of two additional factors, dust suspension and confinement. If any of the five elements depicted below
are removed, a dust explosion will not occur, although a fire can still occur
with oxygen, an ignition source, and the combustible dust serving as a fuel.
The combustible dust is the fuel. The dispersion is any event that causes settled dust to become
airborne. The confinement could be the
process equipment, ductwork, a storage vessel, or silo. The ignition source could be static
electricity or anything that causes a spark.
The suspended dust if ignited burns rapidly, and confinement allows for
rapid buildup of pressure resulting in an explosion.
Often an initial dust explosion might occur in some process
equipment or ductwork causing dust which has accumulated on floors or other
areas to become lofted resulting in secondary explosions. The initiating event for a secondary
explosion is not necessarily another dust explosion but could be some other
event that cause the accumulated dust to become airborne.
The CSB report examined incidents at two facilities
involving dust explosions that spread through pipes and vents, from one piece
of equipment to another and to other areas of the facility as the explosions
caused the settled dust to become airborne.
The pressure increased as the explosion moved from one location to the
next increasing the damage. It is this
disturbance of previously accumulated dust which causes the greatest damage and
is not communicated very well in industry.
Physical Properties of Combustible Dusts
The NFPA defines a combustible dust as any finely divided
solid material that is 420 microns (0.42 millimeters) or smaller in diameter
and that presents a fire or explosion hazard when dispersed and ignited in
air. Materials 420 microns and smaller
pass through a U.S. No 40 Standard Sieve, and is about the size of fairly
coarse sand. The dust also must be
combustible. Some dusts, such as quartz
sand or table salt no matter how finely ground will not burn because they are
not combustible. Many metal powders
will burn and could form explosive mixtures if suspended in air.
There are several physical properties that can be measured
to determine the explosiveness of dusts.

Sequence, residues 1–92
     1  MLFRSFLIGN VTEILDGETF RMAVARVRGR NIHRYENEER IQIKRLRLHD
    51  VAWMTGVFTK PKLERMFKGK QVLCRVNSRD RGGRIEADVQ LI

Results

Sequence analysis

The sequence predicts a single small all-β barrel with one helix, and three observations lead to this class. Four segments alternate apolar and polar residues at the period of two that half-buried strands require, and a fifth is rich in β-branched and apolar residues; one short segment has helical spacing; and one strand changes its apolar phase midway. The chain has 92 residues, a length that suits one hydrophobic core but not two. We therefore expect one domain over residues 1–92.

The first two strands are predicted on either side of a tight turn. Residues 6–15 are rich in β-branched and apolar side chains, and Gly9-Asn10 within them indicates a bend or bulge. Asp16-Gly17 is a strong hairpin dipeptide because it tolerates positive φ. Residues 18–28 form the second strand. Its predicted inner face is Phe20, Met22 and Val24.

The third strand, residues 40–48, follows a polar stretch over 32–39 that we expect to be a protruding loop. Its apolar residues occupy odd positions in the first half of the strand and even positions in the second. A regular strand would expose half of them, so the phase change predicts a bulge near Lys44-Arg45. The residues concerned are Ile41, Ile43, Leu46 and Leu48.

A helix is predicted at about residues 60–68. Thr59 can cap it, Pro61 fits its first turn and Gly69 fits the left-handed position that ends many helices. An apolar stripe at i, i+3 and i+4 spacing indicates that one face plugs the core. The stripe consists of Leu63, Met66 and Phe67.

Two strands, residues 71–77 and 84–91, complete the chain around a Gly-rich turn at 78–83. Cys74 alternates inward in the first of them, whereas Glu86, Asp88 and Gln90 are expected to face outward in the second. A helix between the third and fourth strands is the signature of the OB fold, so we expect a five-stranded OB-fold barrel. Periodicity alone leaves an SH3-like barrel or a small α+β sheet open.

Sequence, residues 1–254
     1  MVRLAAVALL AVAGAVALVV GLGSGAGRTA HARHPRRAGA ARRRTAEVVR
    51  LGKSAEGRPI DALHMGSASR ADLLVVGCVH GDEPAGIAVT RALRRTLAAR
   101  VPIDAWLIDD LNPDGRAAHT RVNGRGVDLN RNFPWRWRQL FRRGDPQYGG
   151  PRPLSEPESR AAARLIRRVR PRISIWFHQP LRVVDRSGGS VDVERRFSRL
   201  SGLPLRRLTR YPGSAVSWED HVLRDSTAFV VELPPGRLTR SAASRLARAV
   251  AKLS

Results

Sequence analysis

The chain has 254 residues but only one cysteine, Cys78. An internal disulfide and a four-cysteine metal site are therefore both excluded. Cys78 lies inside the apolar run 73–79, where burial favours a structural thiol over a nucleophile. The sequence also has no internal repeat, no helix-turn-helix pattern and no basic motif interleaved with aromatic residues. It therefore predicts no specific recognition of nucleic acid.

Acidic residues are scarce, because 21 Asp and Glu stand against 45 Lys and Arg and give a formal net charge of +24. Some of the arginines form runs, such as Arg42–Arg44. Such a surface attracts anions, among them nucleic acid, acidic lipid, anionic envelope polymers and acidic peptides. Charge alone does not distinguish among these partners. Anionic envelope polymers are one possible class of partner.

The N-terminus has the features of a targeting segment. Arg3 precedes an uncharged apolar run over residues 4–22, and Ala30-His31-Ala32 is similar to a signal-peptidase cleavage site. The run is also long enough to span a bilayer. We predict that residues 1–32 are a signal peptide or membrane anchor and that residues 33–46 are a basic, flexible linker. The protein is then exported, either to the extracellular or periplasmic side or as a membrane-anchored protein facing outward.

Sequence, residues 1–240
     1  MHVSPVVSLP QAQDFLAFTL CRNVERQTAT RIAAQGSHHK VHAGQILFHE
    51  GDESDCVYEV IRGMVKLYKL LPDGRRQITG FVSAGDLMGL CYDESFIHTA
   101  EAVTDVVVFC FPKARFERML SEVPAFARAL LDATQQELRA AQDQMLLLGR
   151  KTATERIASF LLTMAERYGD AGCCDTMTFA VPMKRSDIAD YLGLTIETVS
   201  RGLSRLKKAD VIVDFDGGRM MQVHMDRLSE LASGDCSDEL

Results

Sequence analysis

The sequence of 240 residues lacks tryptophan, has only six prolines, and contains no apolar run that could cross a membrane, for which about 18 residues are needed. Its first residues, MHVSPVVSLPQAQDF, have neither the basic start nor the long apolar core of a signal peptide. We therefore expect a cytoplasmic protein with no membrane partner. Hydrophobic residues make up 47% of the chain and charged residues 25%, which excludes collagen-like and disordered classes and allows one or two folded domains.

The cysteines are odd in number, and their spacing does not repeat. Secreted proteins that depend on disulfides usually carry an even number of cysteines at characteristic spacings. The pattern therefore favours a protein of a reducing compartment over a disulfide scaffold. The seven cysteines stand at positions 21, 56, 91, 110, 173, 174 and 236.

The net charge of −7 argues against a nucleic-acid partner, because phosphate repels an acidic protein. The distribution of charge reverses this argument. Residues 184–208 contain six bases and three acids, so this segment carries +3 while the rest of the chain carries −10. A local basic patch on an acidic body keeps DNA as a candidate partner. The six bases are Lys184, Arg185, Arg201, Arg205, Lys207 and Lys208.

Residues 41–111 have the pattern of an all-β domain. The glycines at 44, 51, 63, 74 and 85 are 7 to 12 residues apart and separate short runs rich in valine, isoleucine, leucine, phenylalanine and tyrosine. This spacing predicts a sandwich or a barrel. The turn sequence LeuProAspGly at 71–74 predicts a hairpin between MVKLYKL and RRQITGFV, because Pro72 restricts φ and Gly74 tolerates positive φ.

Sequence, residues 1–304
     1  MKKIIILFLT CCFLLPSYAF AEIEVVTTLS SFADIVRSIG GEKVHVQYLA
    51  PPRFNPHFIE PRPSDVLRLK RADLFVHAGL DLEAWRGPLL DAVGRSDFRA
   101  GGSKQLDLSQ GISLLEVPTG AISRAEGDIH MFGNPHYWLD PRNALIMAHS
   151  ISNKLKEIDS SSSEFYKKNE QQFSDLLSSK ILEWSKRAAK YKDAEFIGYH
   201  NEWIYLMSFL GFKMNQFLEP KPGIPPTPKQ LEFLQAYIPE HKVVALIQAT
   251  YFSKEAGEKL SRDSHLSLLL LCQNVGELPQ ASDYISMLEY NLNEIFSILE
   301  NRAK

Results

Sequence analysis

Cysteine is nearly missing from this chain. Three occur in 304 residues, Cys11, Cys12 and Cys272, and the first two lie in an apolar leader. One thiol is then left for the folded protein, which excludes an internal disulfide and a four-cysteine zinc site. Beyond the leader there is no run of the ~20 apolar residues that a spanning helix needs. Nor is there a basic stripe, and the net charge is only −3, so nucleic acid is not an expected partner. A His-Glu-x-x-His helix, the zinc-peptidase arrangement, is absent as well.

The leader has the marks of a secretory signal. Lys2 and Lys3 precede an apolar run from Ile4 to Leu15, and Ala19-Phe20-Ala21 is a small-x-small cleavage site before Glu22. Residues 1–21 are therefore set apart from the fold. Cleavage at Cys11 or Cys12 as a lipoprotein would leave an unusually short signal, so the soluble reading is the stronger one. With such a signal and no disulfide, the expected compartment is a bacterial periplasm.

Particle size is a major factor, the smaller the particle size the
larger the surface area relative to weight, which allows the particles to
rapidly react with oxygen in the air.
Table 1 Measured Properties of Combustible Dusts
ASTM Test Method
MEC (Minimum explosive concentration)
ASTM E 1515
Analogous to lower flammability limit in vapor cloud
explosions; measures the minimum amount of dust dispersed in air required to
spread an explosion
Kst (Dust deflageration index)
ASTM E 1226
Measures the relative explosive severity compared with
Pmax (Maximum explosion overpressure generated
in the test chamber)
ASTM E 1226
Used to design enclosures and predict the severity of the
(Maximum rate of pressure rise)
ASTM E 1226
Predicts the violence of an explosion (related to Kst
MIE (Minimum Ignition Energy)
ASTM E 2019
Predicts the ease and likelihood of ignition of a
dispersed dust cloud
AIT (Auto Ignition Temperature)
Minimum AIT of dust clouds
National Fire Protection Association (NFPA) Standards
The CSB and regulatory agencies recognize that the voluntary
NFPA standards provide effective technical guidance to prevent industrial dust
explosions. Portions of the voluntary
standards have been codified into many state fire systems in the United States,
but have not been adopted by other states and local jurisdictions. Enforcement
is often lacking, and many state inspectors do not have adequate training to
recognize the potential for dust explosions according to the CSB report. OSHA has issued Grain Facility Standards 20
years ago for addressing the risk of dust explosions in the grain industry, but
has not set up dust standards for other industries. However since the recent Imperial Sugar accident, several U.S.
Senators (Enzi, Isakson, Chambliss, Kennedy, and Murray) are working with OSHA
and CSB as they investigate this accident, to affect change in the interest of
Table 2. List of
Voluntary NFPA Standards Relating to Industrial Dust
Standard for the Prevention of Fire and Dust Explosions
from the Manufacturing, Processing, and Handling of Combustible Particulate
Standard for Combustible Metals -2006
Standard for the Prevention of Fires and Dust Explosions
in Agriculture and Food Processing Industries - 2008
Guidelines for Deflagration Venting - 2007
Standard on Explosive Prevention Systems -2008
The National Electric Code - 2008
Recommended Practice for the Classification of Combustible
Dusts and Hazardous (Classified) Locations for Electrical Installations in
Chemical Process Areas - 2004
Standards for the Prevention of Sulfur Fires and
Explosions - 2007
Standards for the Prevention of Fires and Explosions in
Wood Processing and Woodworking Facilities - 2007
The NFPA Standards are updated about every five years; the
latest edition is listed. They can be
purchased by typing in the name of the standard, e.g. “NFPA 654”, in a computer
search engine such as Google, which provides a link to a site where the document
may be ordered.
AristaTek in researching websites on the subject of
industrial dust explosions noted that there was considerable motivation by
parties to prompt industry to make work places as safe as possible. The motivation came from several fronts:
and injuries to workers, and loss to their families, as noted in the news
of economic loss in terms of bankrupted and out-of-business facilities
which were destroyed by dust explosions; loss in stock value for Imperial
firms encouraging injured workers to file claims
the CSB reports are not bashful as to laying blame. For example, the CSB report 2006-H-1
reviewing dust explosions cited earlier contained actual examples
including pictures of destroyed facilities with captions such as “Figure
14. Mr. XXXX did not follow NFPA
484 guidance on locating and maintaining the dust collector, which
exploded on October 29, 3003” [AristaTek withheld the name XXXX in this
Newsletter]. That organization
also had plenty of blame for OSHA for failure to codify standards.